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I first became aware of the existence of this recording while perusing a vast list of various Dream Theater releases of varying relevance (everything from little bootlegs and Japanese singles to big 2CD compilations) trying to find a bit of info on the Awake album. Imagine my surprise when discovering they had covered Iron Maiden's classic The Number of the Beast in full. It sounded like a fantastic idea, one of the progressive scene's most revered and interesting acts had covered what many like to think as a paragon of 80s heavy metal. What's better is it's a live bootleg, which means no studio polishing or fixing up. Every little Iron Maiden note and beat is on the spot and all at once by our lovely lads Dream Theater. This is the premise and it sounds absolutely brilliant, I couldn't wait to hear it. I couldn't believe I'd discovered this just by messing about on the web. Surely something like this must've been a big deal that I should have heard about from somebody in the online metal community of forums and blogs and so on and yet I hadn't. So I started listening...
Invaders opens with the intro to the album's title track. While it's technically misplaced, it is a live show so it adds much to the listening experience and gets you very excited. It certainly makes things all the more exciting to hear a legion of screaming fans shouting with earth-shaking exuberance as one of progressive metal's biggest is about to perform their take on one of metal's most legendary iconic pieces. The music starts up and already you're sucked in expecting nothing but greatness. This turns out to be why the whole album is so bloody awful! You're set up to be nothing short of amazed and you are utterly disappointed. To blame here is none other than vocalist James LaBrie.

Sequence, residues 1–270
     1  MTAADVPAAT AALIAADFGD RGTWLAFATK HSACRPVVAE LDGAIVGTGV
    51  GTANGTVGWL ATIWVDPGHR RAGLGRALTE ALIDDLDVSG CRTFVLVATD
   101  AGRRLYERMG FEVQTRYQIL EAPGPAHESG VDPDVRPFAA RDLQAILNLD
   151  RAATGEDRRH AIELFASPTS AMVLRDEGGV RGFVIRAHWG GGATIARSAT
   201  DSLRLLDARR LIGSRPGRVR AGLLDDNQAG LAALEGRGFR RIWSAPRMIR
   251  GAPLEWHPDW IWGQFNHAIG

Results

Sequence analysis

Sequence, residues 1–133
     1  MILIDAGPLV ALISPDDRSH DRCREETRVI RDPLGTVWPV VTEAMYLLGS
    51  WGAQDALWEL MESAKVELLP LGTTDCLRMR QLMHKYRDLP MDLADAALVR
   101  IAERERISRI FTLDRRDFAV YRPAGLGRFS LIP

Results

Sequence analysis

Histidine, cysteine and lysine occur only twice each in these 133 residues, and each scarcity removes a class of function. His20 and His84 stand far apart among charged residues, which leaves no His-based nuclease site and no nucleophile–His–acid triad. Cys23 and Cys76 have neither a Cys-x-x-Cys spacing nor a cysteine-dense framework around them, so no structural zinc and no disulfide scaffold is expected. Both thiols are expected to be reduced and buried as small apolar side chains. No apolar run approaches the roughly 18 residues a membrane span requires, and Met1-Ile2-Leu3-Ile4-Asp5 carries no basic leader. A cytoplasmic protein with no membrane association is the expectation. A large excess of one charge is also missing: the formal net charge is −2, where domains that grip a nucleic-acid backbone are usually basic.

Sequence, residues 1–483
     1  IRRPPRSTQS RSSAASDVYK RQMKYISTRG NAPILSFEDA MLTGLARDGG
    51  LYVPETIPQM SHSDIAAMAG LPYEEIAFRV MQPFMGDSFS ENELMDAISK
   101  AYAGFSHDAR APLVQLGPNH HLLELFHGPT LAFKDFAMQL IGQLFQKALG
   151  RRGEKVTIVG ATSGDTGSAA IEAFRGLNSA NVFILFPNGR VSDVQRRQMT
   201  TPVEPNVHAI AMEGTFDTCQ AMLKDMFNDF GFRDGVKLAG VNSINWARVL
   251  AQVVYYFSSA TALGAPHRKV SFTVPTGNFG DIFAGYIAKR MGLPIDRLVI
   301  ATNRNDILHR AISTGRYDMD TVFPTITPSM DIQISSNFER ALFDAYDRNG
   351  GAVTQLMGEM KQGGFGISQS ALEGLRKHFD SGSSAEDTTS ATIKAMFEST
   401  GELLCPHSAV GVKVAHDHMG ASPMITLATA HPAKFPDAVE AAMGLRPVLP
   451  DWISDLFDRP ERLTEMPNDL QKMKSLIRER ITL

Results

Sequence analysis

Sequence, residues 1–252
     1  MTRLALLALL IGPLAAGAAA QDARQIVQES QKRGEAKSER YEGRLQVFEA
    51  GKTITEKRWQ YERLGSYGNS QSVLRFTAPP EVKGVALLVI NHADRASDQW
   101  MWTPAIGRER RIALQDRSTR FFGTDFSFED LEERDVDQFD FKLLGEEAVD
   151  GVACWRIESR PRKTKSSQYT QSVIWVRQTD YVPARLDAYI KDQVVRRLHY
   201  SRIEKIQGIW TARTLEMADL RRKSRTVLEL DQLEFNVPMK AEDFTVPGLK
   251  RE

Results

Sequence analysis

Now I'm convinced that James LaBrie is a competent vocalist as shown by Dream Theater's early works. He's still just fine today, especially in regards to his major roll as part of Ayreon's epic The Human Equation. He's not a favorite by any means but I've never had anything to complain about apart from sounding rather feminine for a big burly Canadian. So how does he manage to ruin this whole thing? Guitarist John Petrucci and drummer Mike Portnoy certainly made it sound very promising with their own unique touches which definitely made the Maiden songs their own, which is exactly the way covers should be. I know it sounds harsh it but it's absolutely all James' fault. He has an incredibly lazy approach to singing these songs throughout the entire set. I also can't tell if he's seriously making an effort to sing here or if he's sincerely trying to make everything sound silly. I know it's a huge cliché in reviews like this to say, “Hell, they must want this to suck,” but if you listen to the way LaBrie sings the first chorus in Invaders then you might actually take this accusation as very plausible. He constantly sings out of key with this atrocious old-womanly wail. His voice is also breaking at multiple points across the album. I haven't the faintest clue how he gets away with this, there really is no argument has to how dreadful he sounds.